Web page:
OAXACAN WOOD CARVINGS
Shop our Oaxacan
Wood Carvings - Each of our wood
carvings are hand carved and painted by artists in small villages in the state
of Oaxaca in Southern Mexico. They are creative and wonderfully painted figures
in bright fun colors. Each carving is an original piece of art.
TAGUA CARVINGS FROM PANAMA
Shop our Tagua
Carvings - Imported directly
from the Native Indian Artists that created these little masterpieces. Choose
from Animals, Fish, Birds, and Reptiles - all native to the country of Panama
that the carvings come from. The
tagua nut has a strong resemblance to animal ivory, making it a wonderful
resource for creating all types of beautiful things. For many years, the tagua nut was used primarily for making buttons but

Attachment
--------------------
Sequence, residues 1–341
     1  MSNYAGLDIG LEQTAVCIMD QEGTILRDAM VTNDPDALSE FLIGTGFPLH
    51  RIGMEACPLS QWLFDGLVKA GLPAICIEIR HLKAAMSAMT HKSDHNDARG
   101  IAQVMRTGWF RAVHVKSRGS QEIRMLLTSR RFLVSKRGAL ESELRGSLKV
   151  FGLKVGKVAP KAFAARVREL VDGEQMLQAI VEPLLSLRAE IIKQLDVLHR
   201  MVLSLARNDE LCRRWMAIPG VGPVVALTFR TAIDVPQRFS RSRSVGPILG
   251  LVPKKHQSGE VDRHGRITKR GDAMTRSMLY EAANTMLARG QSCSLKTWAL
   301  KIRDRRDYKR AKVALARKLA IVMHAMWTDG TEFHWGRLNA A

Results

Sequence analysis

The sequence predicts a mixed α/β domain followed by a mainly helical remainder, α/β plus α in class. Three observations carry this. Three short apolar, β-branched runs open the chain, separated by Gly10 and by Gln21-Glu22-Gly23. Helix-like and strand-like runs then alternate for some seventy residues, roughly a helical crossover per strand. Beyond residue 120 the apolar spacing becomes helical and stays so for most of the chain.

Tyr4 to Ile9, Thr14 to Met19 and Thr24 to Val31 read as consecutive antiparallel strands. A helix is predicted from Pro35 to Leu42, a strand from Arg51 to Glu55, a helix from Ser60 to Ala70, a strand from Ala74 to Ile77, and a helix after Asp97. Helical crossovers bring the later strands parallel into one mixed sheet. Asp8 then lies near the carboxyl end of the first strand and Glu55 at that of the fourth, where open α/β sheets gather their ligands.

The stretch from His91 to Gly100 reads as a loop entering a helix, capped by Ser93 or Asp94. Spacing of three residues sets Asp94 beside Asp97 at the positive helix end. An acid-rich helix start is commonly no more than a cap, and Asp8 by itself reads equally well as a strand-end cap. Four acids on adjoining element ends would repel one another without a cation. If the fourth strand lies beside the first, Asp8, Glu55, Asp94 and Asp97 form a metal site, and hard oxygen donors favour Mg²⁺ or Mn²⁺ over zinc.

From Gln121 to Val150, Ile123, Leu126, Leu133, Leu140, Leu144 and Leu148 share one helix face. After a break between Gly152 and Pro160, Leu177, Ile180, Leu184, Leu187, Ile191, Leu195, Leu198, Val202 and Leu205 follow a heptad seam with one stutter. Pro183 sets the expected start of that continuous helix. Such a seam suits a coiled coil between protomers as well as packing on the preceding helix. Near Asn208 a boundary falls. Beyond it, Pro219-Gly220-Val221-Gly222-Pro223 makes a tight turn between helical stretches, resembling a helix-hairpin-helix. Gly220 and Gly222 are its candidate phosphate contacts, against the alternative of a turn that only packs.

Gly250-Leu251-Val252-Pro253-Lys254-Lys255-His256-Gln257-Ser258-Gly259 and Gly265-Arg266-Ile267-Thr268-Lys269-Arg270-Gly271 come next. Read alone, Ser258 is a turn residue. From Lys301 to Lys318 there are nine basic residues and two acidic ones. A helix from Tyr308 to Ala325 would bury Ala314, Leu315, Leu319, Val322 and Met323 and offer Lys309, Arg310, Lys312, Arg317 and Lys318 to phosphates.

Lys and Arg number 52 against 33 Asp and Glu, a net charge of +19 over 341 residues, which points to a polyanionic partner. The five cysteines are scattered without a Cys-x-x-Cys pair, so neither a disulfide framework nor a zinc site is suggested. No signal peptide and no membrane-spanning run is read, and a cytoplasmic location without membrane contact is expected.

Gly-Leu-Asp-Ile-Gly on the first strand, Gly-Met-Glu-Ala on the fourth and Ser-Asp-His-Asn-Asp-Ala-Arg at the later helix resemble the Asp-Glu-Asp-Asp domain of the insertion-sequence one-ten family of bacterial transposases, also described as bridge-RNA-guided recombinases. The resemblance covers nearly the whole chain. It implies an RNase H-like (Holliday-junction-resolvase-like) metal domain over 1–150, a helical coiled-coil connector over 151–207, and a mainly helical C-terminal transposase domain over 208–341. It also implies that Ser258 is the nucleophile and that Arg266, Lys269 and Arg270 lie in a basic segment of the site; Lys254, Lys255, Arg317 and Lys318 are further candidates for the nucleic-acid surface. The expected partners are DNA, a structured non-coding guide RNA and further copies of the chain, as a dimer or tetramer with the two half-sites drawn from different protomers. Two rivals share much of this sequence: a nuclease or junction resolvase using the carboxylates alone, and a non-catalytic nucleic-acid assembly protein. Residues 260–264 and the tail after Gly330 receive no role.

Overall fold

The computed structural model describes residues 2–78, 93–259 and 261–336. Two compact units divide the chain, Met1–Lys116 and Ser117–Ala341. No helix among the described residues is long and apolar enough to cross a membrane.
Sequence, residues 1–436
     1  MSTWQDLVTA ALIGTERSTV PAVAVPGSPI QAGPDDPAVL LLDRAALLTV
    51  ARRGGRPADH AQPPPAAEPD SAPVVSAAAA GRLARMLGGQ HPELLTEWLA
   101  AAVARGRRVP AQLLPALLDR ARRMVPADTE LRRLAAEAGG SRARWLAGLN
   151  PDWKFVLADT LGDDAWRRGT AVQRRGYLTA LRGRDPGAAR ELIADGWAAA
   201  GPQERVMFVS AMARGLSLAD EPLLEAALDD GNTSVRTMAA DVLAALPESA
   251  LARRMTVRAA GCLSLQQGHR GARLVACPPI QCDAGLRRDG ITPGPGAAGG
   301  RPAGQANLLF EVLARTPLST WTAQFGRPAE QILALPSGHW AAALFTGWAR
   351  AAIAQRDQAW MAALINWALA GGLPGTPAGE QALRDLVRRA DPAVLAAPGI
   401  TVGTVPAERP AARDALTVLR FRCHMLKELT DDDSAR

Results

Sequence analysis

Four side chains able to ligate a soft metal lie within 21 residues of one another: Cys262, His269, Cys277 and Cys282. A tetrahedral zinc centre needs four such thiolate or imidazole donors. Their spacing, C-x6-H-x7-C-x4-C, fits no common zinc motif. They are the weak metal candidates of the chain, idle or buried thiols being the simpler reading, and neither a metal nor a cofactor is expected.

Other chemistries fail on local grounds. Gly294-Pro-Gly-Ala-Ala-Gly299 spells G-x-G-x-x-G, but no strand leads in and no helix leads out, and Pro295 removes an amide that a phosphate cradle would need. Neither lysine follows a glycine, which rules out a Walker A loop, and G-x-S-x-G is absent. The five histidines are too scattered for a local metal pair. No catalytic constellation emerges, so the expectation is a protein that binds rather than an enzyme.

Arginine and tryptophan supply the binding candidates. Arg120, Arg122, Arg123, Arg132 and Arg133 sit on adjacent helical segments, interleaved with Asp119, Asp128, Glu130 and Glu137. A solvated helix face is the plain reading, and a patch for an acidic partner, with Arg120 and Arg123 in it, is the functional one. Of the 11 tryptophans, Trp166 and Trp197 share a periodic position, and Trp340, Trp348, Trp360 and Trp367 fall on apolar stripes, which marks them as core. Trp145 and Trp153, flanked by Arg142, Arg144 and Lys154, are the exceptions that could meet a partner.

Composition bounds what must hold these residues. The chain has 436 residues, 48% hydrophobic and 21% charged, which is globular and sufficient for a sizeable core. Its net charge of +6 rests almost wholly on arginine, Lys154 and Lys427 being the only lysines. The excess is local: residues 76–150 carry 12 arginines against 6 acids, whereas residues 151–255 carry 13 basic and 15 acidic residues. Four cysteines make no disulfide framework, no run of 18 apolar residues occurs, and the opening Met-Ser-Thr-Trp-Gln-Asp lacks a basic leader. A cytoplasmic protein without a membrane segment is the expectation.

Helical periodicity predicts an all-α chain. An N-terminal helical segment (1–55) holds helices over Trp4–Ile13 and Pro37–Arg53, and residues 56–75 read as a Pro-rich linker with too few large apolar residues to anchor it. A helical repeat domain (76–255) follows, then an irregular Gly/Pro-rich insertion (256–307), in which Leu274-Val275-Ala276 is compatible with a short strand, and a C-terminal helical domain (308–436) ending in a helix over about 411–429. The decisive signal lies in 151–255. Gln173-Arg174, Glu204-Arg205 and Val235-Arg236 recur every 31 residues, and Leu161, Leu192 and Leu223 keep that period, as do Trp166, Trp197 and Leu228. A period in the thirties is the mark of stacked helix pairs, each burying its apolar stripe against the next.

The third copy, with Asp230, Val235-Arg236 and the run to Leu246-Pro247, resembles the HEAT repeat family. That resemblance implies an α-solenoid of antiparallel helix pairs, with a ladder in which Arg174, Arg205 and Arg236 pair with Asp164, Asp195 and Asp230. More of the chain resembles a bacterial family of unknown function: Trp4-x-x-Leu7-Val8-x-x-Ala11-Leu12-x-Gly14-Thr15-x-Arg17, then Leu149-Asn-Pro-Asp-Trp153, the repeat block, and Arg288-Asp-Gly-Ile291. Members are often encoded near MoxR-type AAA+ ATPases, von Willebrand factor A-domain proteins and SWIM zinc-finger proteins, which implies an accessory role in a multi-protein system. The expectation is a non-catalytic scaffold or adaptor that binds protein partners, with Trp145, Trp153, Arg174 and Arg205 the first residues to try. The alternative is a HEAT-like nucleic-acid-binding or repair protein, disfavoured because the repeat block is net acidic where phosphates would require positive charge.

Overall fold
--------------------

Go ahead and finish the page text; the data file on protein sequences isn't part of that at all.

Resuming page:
with new technology and more affordable materials such as plastics, a decline
began. Even so, the tagua nut still
has value in the making of other things to include chess set pieces, jewelry,
handles for canes, dice, figurines, etc.
LATIN TEXTILE ART
Shop our Wall Hangings from Peru and Mexico - You
will also find tapestries depicting things such as flowers, birds, butterflies,
and many other Andean cultural aspects. All
of the sheep wool is handspun, and then naturally dyed with native vegetable,
mineral, and animal dye.
from our Reference
region has different factors that affect its climate. The Costa is influenced
primarily by proximity to warm or cool ocean currents. By contrast, climate in
the Sierra varies more as a function of altitude. The Oriente has a fairly
uniform climate that varies only slightly between the two sub regions. Climate
in the Galapagos Islands is both moderated by the ocean currents and affected by